Speaking on Tuesday, the British minister responsible for the vaccine rollout, Nadhim Zahawi, rejected a report in the i newspaper which claimed the government was planning a lockdown this October if hospital admissions from Covid-19 remain high.
The paper claimed that a senior government scientist and SAGE member said the cabinet was aware that an imminent “extended peak” of infections and hospitalisations was forthcoming. As a result, an October lockdown could be on the cards to protect the health service.
Speaking to Sky News, Zahawi did not endorse or deny the suggestion of another lockdown, but he said the government was now focused on a booster shot campaign. The “one-way road towards sustaining the opening of the economy” will only happen if the booster campaign goes to plan. He later said there were no plans for another lockdown.
He said that the inoculation campaign had allowed the country to reach an equilibrium, where virus circulation is high, but the economy is about as open as it could be. “They have prevented over 100,000 deaths, many, many millions of infections, and of course hospitalisations as well,” the vaccines minister said.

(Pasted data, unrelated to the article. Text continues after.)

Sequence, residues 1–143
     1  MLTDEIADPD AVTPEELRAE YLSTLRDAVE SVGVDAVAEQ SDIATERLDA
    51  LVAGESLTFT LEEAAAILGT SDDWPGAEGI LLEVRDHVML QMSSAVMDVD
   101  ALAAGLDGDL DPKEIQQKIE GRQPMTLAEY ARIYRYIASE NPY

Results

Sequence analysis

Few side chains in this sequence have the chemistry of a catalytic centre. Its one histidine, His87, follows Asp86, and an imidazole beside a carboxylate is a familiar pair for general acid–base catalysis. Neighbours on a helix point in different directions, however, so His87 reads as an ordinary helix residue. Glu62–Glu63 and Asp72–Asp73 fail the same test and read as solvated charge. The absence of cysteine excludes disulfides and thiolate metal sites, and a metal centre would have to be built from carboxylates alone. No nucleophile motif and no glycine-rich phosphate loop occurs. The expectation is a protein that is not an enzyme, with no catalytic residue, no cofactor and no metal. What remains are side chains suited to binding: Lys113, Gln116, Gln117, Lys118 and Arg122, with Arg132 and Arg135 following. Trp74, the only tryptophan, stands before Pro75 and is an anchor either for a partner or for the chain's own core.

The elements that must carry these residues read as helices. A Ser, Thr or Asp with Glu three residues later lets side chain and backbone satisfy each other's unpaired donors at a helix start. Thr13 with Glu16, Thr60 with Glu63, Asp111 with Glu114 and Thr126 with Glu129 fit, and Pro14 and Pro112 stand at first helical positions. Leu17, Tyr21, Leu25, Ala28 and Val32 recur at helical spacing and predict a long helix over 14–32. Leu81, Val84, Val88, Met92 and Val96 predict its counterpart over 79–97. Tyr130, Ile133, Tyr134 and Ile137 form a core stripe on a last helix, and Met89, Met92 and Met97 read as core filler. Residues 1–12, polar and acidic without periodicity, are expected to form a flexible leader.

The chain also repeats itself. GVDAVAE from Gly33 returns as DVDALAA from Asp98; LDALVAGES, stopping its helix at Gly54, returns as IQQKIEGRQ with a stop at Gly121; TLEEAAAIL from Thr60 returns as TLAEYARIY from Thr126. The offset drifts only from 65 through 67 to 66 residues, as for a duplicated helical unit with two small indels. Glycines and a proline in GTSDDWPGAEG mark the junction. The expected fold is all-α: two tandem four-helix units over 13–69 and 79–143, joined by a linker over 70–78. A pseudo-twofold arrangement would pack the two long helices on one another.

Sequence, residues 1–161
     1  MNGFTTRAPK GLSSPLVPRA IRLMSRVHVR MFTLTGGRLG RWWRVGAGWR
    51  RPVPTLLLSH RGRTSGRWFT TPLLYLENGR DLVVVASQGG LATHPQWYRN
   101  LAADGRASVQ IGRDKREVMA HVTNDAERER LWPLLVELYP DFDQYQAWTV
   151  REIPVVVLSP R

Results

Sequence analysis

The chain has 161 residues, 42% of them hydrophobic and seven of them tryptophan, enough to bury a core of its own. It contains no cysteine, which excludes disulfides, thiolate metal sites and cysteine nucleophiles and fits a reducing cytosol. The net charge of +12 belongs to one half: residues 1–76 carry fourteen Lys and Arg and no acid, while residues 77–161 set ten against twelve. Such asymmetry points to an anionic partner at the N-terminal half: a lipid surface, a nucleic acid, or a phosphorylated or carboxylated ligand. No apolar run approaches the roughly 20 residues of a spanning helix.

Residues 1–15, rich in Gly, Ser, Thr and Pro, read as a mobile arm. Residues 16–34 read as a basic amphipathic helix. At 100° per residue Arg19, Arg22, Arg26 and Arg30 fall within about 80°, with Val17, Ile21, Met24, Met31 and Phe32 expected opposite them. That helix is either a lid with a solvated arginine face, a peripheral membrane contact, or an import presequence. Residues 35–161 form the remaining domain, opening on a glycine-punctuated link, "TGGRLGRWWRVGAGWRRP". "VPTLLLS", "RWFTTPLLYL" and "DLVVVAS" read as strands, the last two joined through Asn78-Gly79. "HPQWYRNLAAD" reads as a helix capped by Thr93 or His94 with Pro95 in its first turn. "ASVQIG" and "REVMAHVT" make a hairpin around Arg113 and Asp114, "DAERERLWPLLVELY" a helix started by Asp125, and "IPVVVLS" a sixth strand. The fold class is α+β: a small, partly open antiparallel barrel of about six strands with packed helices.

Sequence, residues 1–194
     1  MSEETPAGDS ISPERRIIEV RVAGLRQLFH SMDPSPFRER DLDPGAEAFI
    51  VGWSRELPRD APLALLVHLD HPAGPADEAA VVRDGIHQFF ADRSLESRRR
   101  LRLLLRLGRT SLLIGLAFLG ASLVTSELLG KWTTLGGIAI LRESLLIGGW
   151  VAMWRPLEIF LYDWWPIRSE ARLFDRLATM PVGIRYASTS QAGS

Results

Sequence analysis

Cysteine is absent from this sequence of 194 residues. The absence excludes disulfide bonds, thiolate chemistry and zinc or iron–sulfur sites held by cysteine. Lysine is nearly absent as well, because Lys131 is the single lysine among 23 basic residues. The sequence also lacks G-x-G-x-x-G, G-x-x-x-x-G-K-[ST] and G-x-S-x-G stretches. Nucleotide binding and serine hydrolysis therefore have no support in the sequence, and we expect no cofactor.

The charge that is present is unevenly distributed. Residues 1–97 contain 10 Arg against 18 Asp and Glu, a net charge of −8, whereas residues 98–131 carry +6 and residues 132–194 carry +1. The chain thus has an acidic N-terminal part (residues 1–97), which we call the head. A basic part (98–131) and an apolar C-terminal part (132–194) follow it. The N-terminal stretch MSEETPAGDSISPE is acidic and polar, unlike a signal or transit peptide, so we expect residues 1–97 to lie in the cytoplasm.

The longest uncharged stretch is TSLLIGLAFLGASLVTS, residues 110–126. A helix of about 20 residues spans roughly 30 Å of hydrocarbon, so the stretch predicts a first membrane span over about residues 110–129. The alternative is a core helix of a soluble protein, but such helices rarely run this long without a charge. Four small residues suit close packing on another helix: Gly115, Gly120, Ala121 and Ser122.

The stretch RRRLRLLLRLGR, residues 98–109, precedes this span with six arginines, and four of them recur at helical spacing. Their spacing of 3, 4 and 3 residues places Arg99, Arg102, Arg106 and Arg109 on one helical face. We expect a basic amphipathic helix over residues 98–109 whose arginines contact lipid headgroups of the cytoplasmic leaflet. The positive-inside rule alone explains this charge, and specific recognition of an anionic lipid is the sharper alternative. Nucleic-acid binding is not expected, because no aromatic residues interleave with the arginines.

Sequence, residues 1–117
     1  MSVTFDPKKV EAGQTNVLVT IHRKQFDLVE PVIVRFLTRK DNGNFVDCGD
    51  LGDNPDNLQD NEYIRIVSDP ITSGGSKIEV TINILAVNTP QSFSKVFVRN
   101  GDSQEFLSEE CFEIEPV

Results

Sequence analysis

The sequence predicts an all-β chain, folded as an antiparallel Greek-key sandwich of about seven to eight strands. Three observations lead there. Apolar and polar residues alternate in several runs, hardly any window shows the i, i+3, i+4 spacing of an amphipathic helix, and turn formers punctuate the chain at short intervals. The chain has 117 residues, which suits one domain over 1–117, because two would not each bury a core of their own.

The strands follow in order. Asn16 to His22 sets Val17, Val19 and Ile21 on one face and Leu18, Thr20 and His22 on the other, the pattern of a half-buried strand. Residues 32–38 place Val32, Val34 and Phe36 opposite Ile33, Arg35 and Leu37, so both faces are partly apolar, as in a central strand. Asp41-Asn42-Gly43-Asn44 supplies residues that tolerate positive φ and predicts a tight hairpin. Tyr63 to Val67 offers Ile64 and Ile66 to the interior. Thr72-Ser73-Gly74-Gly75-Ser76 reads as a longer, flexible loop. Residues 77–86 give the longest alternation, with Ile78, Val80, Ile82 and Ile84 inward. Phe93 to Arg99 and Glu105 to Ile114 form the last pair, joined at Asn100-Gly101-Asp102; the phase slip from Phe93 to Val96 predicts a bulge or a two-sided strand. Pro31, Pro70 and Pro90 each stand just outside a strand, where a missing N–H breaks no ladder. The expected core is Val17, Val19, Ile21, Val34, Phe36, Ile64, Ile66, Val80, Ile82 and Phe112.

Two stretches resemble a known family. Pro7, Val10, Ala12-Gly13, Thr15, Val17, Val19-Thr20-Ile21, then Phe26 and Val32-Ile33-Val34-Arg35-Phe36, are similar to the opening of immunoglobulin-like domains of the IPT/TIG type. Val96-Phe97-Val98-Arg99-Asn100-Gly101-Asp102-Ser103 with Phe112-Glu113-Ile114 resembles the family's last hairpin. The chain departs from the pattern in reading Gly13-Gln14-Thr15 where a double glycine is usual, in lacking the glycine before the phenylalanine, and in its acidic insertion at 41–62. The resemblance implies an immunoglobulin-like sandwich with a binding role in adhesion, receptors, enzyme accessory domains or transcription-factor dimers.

Zahawi said that the booster campaign, which has been recommended by the country’s vaccine experts, would help “transition the virus from pandemic to endemic status.”
The government announced plans for a booster campaign earlier in the summer but is yet to embark on the programme. While the current vaccines provide excellent immunity against the virus, data shows that their effectiveness wanes over time. The arrival of new variants such as Delta has also compromised efficacy. It is possible that new jabs specifically geared to the variants, such as the Novavax jab, will be used for booster shots.
Countries such as Singapore and Israel have already started to administer a third jab to some citizens but Hong Kong is still conducting studies on such a move.